It’s only a single cell, but the avian malaria parasite is able to quickly detect when a mosquito bites its host and respond by reproducing faster, according to a new study.
This is part of the parasites’ strategy for surviving seasons with no mosquitoes. The parasites “remain dormant, like bears during the winter,” said Dr. Sylvain Gandon, an evolutionary epidemiologist at Université de Montpellier and an author of the study. “Do nothing, wait for better times. And it’s a problem for the parasites to know when the better times are coming.” The avian malaria parasite shares this survival challenge with human malaria parasites that live in places with a mosquito-free dry season.
When mosquitoes bit canaries infected with avian malaria, the parasites reacted by reproducing more within nine days. “These malaria parasites, they’re a lot more sophisticated than they’ve been given credit for,” said Dr. Sarah Reece, a reviewer of the study and a Royal Society Fellow at Edinburgh University. The study was published in PLOS Pathogens in September.
The researchers were interested in relapses, when a bird’s level of parasites spikes after a period of dormancy. Relapses don’t happen in the acute phase just after infection, because the levels of parasites are already too high. So for this study, the researchers waited four months to make sure the twenty canaries were in the dormant phase of the infection, and then divided them into a control group and a mosquito-bitten group. The birds in the latter group were bitten by malaria-free mosquitoes three times, and their blood was drawn every three days for a total of five times.
There were more parasites in the blood of the mosquito-bitten birds than the control birds, even though they had all started out equally infected. The malaria parasites started reproducing more as soon as they sensed that mosquitoes had bitten the birds.
This gave the parasites a better chance of hopping a ride on the mosquitoes to a new bird host. When the researchers dissected each batch of mosquitoes to look for parasites in their gut, they found more parasites in the mosquitoes that bit the birds later in the experiment.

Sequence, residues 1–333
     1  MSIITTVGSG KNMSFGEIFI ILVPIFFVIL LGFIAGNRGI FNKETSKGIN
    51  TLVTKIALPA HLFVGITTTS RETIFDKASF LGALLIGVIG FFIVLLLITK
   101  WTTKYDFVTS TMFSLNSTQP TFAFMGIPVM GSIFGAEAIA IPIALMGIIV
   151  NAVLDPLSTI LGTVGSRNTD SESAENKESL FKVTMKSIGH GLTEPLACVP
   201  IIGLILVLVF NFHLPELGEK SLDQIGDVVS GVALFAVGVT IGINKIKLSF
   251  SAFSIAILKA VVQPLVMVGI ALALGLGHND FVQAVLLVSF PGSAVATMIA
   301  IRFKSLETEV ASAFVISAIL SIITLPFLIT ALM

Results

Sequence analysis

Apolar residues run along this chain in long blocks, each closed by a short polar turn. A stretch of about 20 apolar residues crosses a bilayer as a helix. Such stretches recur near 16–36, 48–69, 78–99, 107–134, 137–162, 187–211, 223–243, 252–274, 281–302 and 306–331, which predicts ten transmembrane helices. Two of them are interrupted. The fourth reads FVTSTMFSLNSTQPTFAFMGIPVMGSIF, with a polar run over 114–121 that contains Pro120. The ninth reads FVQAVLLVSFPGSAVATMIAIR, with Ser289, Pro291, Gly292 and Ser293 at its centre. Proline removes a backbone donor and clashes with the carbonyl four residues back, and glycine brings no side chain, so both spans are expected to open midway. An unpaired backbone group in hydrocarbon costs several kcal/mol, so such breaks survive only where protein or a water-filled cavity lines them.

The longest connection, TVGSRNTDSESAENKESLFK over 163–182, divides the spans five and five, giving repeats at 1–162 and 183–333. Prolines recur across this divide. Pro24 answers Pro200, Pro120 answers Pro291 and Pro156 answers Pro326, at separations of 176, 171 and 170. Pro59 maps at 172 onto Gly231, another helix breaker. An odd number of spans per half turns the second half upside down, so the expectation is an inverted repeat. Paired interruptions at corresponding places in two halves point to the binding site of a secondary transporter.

The authors have no experimental evidence yet to suggest how a parasite knows a bird has been bitten, but it’s likely that the parasite can detect molecules that the mosquito injects into the bird’s blood. “Given how quickly it seems the parasites can respond to the presence of mosquitoes, it seems likely that they’re directly responding to something in the saliva,” said Reece.
It remains to be seen whether human malaria also has this ability, but Gandon said that other researchers have noticed, in studying some human malaria epidemics over time, that “often the epidemic starts right at the moment when mosquitoes are around… which is a bit strange, because if the epidemic was driven by the mosquitoes, then there would be a lag between the appearance of the mosquito and the epidemic. Because the mosquito, to mature the infection, to be able to transmit, it needs at least one or two weeks.”
A possible explanation for this, said Gandon, is that human malaria can also sense when mosquitoes bite its host. “I think that we’re probably going to find the same sorts of plasticity in other malaria species as well,” agreed Dr. Dave Shutler, parasite ecologist and an author of an earlier study in rodent malaria whose results conflicted with Gandon’s. “I’m quite pleased to see them get the significant results that we were unable to get,” Shutler said.
Finding out whether this is the case in human malaria is important. Information about this could help us predict relapses, which occur frequently in one of the species, Plasmodium vivax, that causes malaria in humans. “If you’re a medic and you can predict when your patients are likely to have a relapse, then… you can be a step ahead of the parasites and treat people before the parasites have gotten a foothold,” said Reece.
“We’ve underestimated them,” said Reece. “It makes you wonder what else they can do on such a short time scale.”